I love music and value creators of music. I believe they should be paid fairly for their works. However, I don’t support anyone going after the wrong entity. Artist who signed a record contract should look in the mirror first, then pursue the record label who isn’t paying them as much as they believe they should.

    • I agree that it’s the labels who agreed to the conditions. This said, why are there so many pirated videos (and music with stills uploaded as videos)? If the fingerprinting technology worked that well, then much of this stuff wouldn’t be there at all.

      By the way, I know a record label who tried very hard to get all their stuff off of YouTube, except for the music they want to share. The fingerprinting technology was supposed to guarantee that nothing would be uploaded illegally, but I just searched for the label’s name and found thousands of “videos.” And that’s just by searching for the label, not individual artists.

      • Hi Kirk – Many labels and artists secretly want their content on YouTube. If it’s not there, the music disappears from the collective conscious and money isn’t made at all.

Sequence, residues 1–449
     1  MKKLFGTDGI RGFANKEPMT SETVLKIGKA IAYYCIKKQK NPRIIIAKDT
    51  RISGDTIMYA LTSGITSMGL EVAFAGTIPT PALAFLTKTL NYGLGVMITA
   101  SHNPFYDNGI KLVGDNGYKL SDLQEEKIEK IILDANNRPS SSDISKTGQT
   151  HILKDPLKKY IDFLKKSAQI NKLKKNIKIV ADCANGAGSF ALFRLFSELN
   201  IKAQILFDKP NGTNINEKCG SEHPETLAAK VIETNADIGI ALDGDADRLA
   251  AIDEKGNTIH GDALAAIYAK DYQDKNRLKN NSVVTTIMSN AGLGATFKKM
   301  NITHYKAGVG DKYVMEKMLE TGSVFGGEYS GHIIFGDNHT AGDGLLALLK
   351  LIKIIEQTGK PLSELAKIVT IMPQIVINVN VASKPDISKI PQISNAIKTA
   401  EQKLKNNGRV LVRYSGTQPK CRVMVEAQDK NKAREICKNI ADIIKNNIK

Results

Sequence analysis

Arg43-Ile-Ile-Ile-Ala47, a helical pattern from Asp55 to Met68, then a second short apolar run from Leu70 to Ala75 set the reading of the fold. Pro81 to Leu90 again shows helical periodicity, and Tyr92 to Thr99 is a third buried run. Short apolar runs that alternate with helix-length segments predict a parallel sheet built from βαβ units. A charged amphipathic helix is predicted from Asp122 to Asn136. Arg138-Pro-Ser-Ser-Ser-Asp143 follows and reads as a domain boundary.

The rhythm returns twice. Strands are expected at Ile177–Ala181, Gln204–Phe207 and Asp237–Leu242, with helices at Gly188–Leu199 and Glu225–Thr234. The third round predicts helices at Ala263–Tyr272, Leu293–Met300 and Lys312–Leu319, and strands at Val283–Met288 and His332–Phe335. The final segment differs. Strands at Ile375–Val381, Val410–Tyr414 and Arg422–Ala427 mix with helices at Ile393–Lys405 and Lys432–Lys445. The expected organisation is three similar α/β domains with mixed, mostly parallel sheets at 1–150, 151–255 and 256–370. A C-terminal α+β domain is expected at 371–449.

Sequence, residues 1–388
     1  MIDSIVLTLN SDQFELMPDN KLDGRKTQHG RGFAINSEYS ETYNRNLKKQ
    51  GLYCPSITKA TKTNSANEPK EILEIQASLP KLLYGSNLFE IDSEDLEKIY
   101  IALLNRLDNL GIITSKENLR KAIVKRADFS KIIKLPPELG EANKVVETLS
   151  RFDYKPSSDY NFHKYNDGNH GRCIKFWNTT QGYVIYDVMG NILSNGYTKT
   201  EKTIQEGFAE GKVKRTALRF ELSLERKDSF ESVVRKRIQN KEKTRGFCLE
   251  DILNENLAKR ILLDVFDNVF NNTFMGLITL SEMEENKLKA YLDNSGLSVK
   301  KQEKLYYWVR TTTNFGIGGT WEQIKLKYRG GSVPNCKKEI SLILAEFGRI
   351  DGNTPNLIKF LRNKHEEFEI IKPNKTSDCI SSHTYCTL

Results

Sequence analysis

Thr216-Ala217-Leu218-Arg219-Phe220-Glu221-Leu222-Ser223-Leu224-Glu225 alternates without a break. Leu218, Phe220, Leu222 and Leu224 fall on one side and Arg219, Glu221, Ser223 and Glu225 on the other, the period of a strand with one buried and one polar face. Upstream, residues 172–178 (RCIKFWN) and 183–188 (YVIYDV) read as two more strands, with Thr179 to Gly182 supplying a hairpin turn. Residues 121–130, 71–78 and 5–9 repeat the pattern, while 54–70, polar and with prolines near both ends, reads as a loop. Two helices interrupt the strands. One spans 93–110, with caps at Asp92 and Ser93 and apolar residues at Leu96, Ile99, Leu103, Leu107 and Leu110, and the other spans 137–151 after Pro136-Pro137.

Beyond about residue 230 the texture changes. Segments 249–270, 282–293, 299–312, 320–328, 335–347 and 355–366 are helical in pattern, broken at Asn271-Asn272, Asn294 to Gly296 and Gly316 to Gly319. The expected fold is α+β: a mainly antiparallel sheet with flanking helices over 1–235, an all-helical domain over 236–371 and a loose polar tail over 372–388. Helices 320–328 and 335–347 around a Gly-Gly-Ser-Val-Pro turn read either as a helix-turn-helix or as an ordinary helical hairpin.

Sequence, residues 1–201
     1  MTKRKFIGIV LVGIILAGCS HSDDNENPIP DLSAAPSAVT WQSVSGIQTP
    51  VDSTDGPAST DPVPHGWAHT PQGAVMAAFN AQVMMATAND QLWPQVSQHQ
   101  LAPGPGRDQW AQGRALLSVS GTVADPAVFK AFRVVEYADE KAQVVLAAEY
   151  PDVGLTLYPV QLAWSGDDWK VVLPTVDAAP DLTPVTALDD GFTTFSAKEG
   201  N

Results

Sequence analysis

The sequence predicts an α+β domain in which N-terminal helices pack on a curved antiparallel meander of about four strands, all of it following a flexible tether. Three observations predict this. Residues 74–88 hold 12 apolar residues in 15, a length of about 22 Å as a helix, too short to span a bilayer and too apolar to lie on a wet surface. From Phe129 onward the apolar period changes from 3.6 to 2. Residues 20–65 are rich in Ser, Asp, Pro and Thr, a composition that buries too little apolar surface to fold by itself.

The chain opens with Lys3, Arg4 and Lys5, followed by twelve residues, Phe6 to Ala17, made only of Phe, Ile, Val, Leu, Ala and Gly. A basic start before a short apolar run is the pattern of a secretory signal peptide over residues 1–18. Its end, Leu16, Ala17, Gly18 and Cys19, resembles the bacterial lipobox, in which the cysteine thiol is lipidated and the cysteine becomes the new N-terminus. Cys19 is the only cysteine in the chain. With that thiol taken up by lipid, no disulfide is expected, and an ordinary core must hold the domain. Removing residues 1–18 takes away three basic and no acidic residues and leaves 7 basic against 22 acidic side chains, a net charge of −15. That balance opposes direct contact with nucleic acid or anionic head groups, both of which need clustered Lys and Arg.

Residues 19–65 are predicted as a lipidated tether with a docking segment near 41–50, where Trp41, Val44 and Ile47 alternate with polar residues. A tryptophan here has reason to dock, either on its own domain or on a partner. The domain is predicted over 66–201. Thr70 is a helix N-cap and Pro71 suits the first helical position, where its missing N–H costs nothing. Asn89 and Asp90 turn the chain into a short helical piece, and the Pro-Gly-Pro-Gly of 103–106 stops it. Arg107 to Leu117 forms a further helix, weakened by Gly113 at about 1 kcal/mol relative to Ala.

If you don’t think the fingerprint technology works well try two things.

        1. try uploading a video or audio yourself and see if it’s tagged as copyrighted content.
        2. Trying using Shazam to see if it recognizes the music as a proof of concept. Yes it’s different than YouTube’s tech, but not by much.

        With the exception of the most obscure music, both services will match the recording. Fingerprint tech works very well.

    • “I’m calling BS on this one. YouTube isn’t ripping off any artist or not paying them fairly”

      What??!! Are you insane? Poppycock.
      Prince happened to run a 24/7 paid team to stop tracks being uploaded – and still you can find everything he’s ever done including bootlegs.
      You’re not thinking this thru. What about artists starting out or who have managed to claw their way up to the first or second rung of the music ladder?
      Without listing the numerous recordings of just older music (let alone video, christ now there’s a real obscene amount of illegality) recordings uploaded, consider the fact that a day or so ago, an album I worked on was (and with clockwork predictability) uploaded on the day of sale.
      Happens every time. Google have zero interest in taking that down. Zero. Maybe I don’t pay them enough to. Maybe I’m not affiliated to one of the 4 major labels.
      So now you don’t to buy it.
      You can stream it for free.
      That is theft. And youtube/google are facilitating this crime.
      The laws around this are american, not international, and they suit american corporations, massive corporations.
      It’s not publicity, it’s theft, on a scale PirateBay could only dream of.
      BS? You’re full of bs….

      And what is this ‘lots of labels secretly want this’ crap? No shit, sherlock! At the cost of the independents…

      People are so ignorant.

      Reply rage over.